Live horses and discarded clothes: as disparate as they may seem, both are elements used in the wildly diverse oeuvre of this unpredictable artist. When talking about the Arte Povera movement, it would hardly be possible to omit the Greek artist Jannis Kounellis (1936–2017). A seminal sculptor and installation artist, Kounellis became a leading figure of the famous and influential Arte Povera moment. While the movement had his origins in post-war Italy, its themes and aesthetics are so clearly embodied in Kounellis’s art after he took up residence Rome in 1956 that he is now considered a pivotal Arte Povera artist.
The living and the lifeless
One of the most distinctive and striking features of Kounellis’s art is his focus on the living and the lifeless, the dichotomy associated with the malleable future and the immutable history. While he is by no means the only artist to be inspired by these contradictions, his use of living elements as part of his works attracted particular attention to his art and his visions. One of the most iconic and famous examples is his controversial and thought-provoking exhibition in which twelve horses are placed in a room and left to act as they please. Other instances of his use of organic or living elements include combinations of live birds, performances of live music by the composer Bach, and sculptures. All reflect Kounellis’s playful ruminations and arrangements of the lifeless and the alive – the constant and the unpredictable.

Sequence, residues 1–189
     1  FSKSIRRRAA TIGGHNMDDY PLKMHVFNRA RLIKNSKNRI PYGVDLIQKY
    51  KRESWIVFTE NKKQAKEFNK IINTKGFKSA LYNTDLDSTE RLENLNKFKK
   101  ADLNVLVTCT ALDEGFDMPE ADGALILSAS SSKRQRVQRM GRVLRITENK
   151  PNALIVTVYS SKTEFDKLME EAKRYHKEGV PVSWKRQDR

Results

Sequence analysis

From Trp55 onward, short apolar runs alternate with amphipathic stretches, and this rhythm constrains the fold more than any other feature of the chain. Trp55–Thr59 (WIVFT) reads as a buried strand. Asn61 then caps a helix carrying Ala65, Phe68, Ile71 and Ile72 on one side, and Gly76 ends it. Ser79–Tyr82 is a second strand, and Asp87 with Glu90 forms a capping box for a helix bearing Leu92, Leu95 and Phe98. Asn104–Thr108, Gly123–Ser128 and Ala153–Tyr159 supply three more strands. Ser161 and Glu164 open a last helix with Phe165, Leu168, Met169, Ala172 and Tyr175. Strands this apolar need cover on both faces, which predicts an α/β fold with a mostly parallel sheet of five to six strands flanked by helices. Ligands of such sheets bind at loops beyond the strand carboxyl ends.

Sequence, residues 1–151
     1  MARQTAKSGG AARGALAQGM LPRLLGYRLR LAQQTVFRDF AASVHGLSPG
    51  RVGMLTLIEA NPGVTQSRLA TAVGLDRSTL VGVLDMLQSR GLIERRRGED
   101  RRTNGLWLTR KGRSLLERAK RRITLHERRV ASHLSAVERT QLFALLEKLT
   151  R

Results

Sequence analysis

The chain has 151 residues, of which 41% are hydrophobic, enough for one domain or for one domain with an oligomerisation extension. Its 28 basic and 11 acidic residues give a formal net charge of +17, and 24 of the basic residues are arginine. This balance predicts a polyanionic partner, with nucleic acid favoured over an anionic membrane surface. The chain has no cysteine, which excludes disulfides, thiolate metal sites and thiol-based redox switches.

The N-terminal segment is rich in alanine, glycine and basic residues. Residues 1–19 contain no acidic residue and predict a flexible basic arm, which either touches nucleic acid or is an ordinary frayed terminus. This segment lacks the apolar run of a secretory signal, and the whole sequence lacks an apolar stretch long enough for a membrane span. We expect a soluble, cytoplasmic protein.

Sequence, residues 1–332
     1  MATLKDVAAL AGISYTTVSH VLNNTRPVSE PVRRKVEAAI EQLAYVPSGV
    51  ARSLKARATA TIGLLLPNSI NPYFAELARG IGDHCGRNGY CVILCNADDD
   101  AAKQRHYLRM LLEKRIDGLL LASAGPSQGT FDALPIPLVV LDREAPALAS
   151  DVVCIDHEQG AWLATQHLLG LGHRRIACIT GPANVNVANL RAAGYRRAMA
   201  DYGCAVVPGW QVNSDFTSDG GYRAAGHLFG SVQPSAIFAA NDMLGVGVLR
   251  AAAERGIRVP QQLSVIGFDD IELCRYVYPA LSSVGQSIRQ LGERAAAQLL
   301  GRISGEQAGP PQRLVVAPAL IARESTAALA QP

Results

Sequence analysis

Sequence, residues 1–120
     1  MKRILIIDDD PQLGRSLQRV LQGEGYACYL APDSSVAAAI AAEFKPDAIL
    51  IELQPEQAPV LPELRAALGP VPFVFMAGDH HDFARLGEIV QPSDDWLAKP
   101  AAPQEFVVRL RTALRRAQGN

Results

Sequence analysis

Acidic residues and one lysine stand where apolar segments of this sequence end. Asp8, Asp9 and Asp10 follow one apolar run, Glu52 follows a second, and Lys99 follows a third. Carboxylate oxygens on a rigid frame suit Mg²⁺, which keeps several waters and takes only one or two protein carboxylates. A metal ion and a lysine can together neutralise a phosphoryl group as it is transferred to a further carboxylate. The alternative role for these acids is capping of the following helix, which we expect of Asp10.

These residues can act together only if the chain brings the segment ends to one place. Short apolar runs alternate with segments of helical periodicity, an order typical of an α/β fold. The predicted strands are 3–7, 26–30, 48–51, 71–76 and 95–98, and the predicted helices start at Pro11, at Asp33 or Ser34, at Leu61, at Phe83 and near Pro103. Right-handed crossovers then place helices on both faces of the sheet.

Viewer interaction shapes the work
In Kounellis’s world, reality and imagination are constantly mixed, and as a spectator you instantly become part of the work as your very presence impacts the art. The ways in which the living elements interact with the viewer and vice versa create a unique art experience every time.